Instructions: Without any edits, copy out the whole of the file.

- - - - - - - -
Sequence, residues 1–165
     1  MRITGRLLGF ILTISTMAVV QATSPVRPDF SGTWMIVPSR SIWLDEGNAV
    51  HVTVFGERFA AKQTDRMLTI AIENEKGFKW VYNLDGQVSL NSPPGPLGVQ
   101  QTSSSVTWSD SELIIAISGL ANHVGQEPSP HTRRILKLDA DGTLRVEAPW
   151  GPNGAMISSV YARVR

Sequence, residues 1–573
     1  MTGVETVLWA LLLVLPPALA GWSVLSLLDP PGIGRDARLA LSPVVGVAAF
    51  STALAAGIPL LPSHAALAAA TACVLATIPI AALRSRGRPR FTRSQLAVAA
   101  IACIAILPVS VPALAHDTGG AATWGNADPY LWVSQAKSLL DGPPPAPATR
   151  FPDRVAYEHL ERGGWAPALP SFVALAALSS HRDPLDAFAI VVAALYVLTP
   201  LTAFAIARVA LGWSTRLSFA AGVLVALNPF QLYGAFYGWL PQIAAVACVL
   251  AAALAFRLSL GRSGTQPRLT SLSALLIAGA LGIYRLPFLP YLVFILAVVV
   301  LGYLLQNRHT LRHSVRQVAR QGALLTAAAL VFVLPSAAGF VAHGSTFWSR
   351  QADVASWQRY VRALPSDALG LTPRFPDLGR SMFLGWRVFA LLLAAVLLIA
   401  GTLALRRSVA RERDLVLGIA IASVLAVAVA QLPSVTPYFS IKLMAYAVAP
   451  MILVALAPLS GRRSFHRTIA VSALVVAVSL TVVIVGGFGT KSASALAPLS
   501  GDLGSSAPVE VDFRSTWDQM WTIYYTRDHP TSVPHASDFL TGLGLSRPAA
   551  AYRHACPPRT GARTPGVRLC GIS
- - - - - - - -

Sequence, residues 1–165
     1  MRITGRLLGF ILTISTMAVV QATSPVRPDF SGTWMIVPSR SIWLDEGNAV
    51  HVTVFGERFA AKQTDRMLTI AIENEKGFKW VYNLDGQVSL NSPPGPLGVQ
   101  QTSSSVTWSD SELIIAISGL ANHVGQEPSP HTRRILKLDA DGTLRVEAPW
   151  GPNGAMISSV YARVR

Sequence, residues 1–573
     1  MTGVETVLWA LLLVLPPALA GWSVLSLLDP PGIGRDARLA LSPVVGVAAF
    51  STALAAGIPL LPSHAALAAA TACVLATIPI AALRSRGRPR FTRSQLAVAA
   101  IACIAILPVS VPALAHDTGG AATWGNADPY LWVSQAKSLL DGPPPAPATR
   151  FPDRVAYEHL ERGGWAPALP SFVALAALSS HRDPLDAFAI VVAALYVLTP
   201  LTAFAIARVA LGWSTRLSFA AGVLVALNPF QLYGAFYGWL PQIAAVACVL
   251  AAALAFRLSL GRSGTQPRLT SLSALLIAGA LGIYRLPFLP YLVFILAVVV
   301  LGYLLQNRHT LRHSVRQVAR QGALLTAAAL VFVLPSAAGF VAHGSTFWSR
   351  QADVASWQRY VRALPSDALG LTPRFPDLGR SMFLGWRVFA LLLAAVLLIA
   401  GTLALRRSVA RERDLVLGIA IASVLAVAVA QLPSVTPYFS IKLMAYAVAP
   451  MILVALAPLS GRRSFHRTIA VSALVVAVSL TVVIVGGFGT KSASALAPLS
   501  GDLGSSAPVE VDFRSTWDQM WTIYYTRDHP TSVPHASDFL TGLGLSRPAA
   551  AYRHACPPRT GARTPGVRLC GIS